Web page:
REF NO : B76120

A Pair of Life Size Statuary Marble Dogs, On Pedestals


A Bullmastiff and Spanish Mastiff each on integral naturally carved base atop original solid bleu turquin marble pedestals. These rare and impressive...


Height: 173 cm (69 in)
Width: 45 cm (18 in)
Depth: 90 cm (36 in)
REF NO : B76120


A Bullmastiff and Spanish Mastiff each on integral naturally carved base atop original solid bleu turquin marble pedestals.

These rare and impressive statuary marble dogs are remarkable lifelike portraits of two of the most fearsome breeds of guard dog. They are conceived to guard a staircase or doorway inside a house, or outside on a portico or either side of a gate or driveway. They fulfil a symbolic role of welcoming guests or guarding against harmful visitors. Their placement atop solid ‘bleu turquin’ or Dove grey marble plinths, a costly and rare Tuscan marble mined since antiquity, is indicative of their being especially prized.

The Bullmastiff was developed as a guard dog in the nineteenth century by cross breeding an English Mastiff with an Old English Bulldog. The Spanish Mastiff was breed as a guard dog and specialised in protecting livestock from wolves. Both breeds are famed for their strength, size, and speed and yet in spite of their fearsome reputations as guard dogs par excellence, the sculptor renders them most sympathetically and with much character. Each with loving gaze, as if looking to their master for approval. Regarded since antiquity as the animal most loyal to man, the dog is an attribute of fidelity personified. The antecedent is ancient Roman, ‘The Jennings Dog’ or ‘The Dog of Alcibiades’ in the British Museum, of which a pair of similar mastiffs are in the Belvedere Court of the Vatican Museums. In the nineteenth century so popular was the Dog of Alcibiades that any estate of note was incomplete without a marble or Coade stone reproduction, often as a pair, and ‘Dogs of Alcibiades’ today grace the grounds of many princely collections including Petworth House, West Sussex and Blickling Hall, Norfolk.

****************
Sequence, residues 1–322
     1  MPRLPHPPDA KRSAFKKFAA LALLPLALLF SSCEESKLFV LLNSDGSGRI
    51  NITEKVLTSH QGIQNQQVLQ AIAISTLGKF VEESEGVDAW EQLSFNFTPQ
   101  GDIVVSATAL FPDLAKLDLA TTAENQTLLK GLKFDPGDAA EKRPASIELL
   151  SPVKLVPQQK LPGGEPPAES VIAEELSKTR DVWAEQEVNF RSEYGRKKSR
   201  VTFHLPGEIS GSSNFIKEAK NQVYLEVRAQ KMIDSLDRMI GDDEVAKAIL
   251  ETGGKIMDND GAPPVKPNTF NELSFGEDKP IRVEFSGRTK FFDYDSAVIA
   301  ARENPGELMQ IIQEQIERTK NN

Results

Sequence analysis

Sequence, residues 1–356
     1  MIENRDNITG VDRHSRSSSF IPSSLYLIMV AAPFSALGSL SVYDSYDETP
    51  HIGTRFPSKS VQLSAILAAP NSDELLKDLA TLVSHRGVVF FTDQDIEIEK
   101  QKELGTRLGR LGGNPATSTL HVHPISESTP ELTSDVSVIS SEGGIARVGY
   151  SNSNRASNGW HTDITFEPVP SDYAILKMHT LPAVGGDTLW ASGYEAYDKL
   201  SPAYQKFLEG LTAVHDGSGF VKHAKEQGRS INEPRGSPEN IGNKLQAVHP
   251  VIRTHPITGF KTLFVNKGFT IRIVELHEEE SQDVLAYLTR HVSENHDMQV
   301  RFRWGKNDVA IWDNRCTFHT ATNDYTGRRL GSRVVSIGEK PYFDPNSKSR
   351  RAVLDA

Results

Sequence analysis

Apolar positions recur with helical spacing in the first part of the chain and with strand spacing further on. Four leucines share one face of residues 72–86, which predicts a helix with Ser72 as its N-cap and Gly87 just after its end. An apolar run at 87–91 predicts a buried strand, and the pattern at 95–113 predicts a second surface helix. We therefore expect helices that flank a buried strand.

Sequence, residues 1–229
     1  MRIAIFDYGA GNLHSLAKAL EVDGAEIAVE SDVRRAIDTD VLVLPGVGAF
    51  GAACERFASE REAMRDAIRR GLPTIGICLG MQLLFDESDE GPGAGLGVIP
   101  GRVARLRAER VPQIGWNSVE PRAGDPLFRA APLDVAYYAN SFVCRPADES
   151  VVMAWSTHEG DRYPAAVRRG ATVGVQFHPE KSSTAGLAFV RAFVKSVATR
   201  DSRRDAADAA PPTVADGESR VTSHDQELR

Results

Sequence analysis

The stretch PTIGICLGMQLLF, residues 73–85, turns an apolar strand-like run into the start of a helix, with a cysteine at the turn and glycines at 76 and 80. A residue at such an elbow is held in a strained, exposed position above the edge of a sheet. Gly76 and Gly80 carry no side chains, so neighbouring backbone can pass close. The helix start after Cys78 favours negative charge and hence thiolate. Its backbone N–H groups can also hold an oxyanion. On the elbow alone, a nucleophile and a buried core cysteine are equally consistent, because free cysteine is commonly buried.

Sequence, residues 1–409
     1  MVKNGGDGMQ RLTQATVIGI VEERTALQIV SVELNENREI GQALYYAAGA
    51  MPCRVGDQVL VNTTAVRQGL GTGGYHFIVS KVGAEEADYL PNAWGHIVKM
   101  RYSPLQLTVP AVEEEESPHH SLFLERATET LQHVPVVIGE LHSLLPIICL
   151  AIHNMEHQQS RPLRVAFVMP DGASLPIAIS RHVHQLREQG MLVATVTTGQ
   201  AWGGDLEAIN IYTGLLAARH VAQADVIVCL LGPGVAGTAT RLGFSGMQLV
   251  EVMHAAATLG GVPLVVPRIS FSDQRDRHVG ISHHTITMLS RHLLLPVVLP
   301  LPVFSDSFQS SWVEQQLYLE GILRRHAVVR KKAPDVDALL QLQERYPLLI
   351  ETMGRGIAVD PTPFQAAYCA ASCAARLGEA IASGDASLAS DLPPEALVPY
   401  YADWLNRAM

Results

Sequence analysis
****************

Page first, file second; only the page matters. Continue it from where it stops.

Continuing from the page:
By the middle of the nineteenth century, the fashion for keeping dogs as domestic pets meant that on occasion wealthy owners commissioned portraits to commemorate “Man’s best friend”. Most famous is the marble statue of Queen Victoria’s collie ‘Noble’ sculpted by Joseph Edgar Boehm and dated 1884 (Osborn House, RCIN 41058).

Another pair of statuary marble dogs of this same model can be found on the terrace at Peles Castle in Romania. A fairy-tale neo-Renaissance palace, Peles Castle in the Carpathian Mountains was built between 1875 and 1914 as a retreat by King Carol I of Romania (1839–1914). The Florentine sculptor Raffaello Romanelli (1856–1928) is recorded to have executed much of the statuary Peles Castle and the attribution is made accordingly. Studio Galleria Romanelli in Florence have been consulted on the attribution, and although much of the Romanelli documentation was destroyed in World War II, have commented that these dogs exhibit Raffaello Romanelli’s style. The attribution is strengthened because Raffaello Romanelli produced much of the sculpture at Peles Castle.

The Bullmastiff:
Height 92 cm | 36 ¼ in
Width 90 cm | 35 ½ in
Depth 40 cm | 15 ¾ in

The Spanish Mastiff:
Height 87 cm | 34 ¼ in
Width 95 cm | 37 ½ in
Depth 44 cm | 17 ¼ in

The pedestals:
Height 79.5 cm | 31 ¼ in
Width 90 cm | 35 ½ in
Depth 44.5 cm | 17 ½ in

Each dog weighs approximately 200 kg.
Each pedestal weights approximately 636 kg.
The pedestals dismantle into three pieces.

Italy, Circa 1900.


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